However, Tolossa said there are working procedures the ministry has to adhere to. “If a company demands to be given an exploration area within two days that is impossible. We are granting a concession up to 1500 sq.km. We cannot do it within two days. We need to check our cadaster system to avoid overlapping. We need to check the company’s profile, its reputation, financial position and know-how. We can not simply give licenses to any company which comes up with only money. We have learned from our past mistakes,” he said.
Tolossa admits that the ministry is facing dearth of skilled labor. “Professionals leave our ministry in search of better payment and at times it is challenging to promptly evaluate applications. But it is not only our fault. The companies, too, are responsible for the delay in processing licenses. There are information, documents and data we require from them. It takes them a month or two to produce the required documentation.”
The minister rejects the accusation of appointments. “We do not appoint unqualified personnel. If it is believed that we are incapable and there is a better leadership we are willing to vacate our seats.”
Last year the World Bank assessed the Ethiopian mining sector. The report released by the bank in October 2014 highlights the hurdles in the Ethiopian mining sector. According to the World Bank, inadequate promotional work, inefficient licensing procedures, dearth of trained professionals, low productivity, and border conflicts (disagreements related to land use) are some of the red-tapes in the mining sector. The report states that there was lack of trained professionals and high staff turnover at the MoMPNG and Ethiopian Geological Survey (GSE). “While considerable competence exists in particular among many MoM and GSE long-term employees, the overall capacity at the ministry and GSE for proper promotion, supervision and regulation of the sector is limited,” says the report. According to the report, there are critical capacity constraints at the MMPN licensing department.
The way forward
The Ethiopian government wants to change the gloomy picture and enhance the contribution of the mining sector to the country’s economic development.
A total of 170 companies are engaged in mineral exploration. In 2011-2012 the mining sector earned 618 million dollars from mineral exports – 2\3 coming from artisanal mining. The revenue dropped to 340 million dollars following the global gold market crash. However, the government still hopes to boost the foreign currency earning from the sector. The mining sector is expected to generate two billion dollars by 2024 employing 8,000 citizens.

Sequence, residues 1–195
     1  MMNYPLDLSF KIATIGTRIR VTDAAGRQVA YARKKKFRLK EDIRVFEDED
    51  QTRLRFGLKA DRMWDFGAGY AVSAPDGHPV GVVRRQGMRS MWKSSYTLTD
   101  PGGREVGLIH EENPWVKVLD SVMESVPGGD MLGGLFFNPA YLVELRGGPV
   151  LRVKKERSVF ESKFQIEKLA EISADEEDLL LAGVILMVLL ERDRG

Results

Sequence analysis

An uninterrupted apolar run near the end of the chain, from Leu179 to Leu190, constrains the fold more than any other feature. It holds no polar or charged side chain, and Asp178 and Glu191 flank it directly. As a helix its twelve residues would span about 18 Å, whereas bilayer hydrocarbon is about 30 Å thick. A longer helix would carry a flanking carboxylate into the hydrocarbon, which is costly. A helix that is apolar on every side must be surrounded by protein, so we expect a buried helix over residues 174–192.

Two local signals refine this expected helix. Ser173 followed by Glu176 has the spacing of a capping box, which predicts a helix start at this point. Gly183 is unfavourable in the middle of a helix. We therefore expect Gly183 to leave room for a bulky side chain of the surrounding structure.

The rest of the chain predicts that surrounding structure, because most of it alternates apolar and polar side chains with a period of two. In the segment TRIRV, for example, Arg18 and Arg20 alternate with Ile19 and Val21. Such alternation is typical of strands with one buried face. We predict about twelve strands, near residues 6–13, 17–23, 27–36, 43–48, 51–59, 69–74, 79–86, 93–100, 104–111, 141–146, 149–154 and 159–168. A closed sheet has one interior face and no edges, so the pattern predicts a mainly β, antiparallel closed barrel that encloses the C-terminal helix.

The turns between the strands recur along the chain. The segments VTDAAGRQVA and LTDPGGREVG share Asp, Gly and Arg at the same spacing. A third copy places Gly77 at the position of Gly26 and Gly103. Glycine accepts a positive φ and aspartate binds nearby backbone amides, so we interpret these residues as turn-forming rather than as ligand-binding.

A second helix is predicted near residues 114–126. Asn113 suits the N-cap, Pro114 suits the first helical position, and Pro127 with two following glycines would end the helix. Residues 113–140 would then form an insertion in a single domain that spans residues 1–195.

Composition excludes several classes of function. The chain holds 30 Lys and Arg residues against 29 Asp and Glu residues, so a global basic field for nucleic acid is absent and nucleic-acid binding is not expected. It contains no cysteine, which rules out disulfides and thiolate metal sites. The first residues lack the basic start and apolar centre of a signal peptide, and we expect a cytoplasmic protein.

The Ethiopian government aims at building and developing an essentially new economic sector – a large-scale mineral sector. The current policy framework envisions the mineral sector to be the backbone of the industry sector by 2020-2023.
In the second Growth and Transformational Sector (GTP-II) the government hopes to generate a total of five billion dollars from mineral exports. The World Bank made a bold project of five billion dollars annual revenue from the sector. This can be achieved if the government succeeded in developing a robust large-scale mining industry, according to the bank.
Currently, a number of foreign mining firms are proposing to establish large-scale mines. Four companies engaged in primary gold exploration projects have finalized feasibility studies. These companies have asked the ministry to be given large scale mining licenses.
Similarly, three companies working on potash exploration projects have submitted their feasibility studies to the ministry. A total of seven companies are negotiating with the ministry to launch large-scale gold and potash mining. Tolossa hopes five of them would venture into the projects. However, he fears that the declining commodity prices may drag these projects.
Tolossa said that the ministry is striving to bring in giant mining companies. “We are holding talks with leading global mining giants. We need to relax the laws and we have to be flexible to attract these companies,” he said.
The ministry also expects the Chinese firm engaged in oil and gas exploration and development project in the Ogaden basin to commence gas production in the GTP-II period.
The World Bank believes that the collection of new high-quality data and the subsequent marketing of these data through a long-term strategy for investment promotion assume vital importance. “The existence of a modern and well-functioning mining cadaster and registry system and clear rules for awarding licenses are key features for the promotion of investments in the mining sector.” The bank stressed the need to have a clear legal framework both to attract investors and to facilitate regulation of the industry.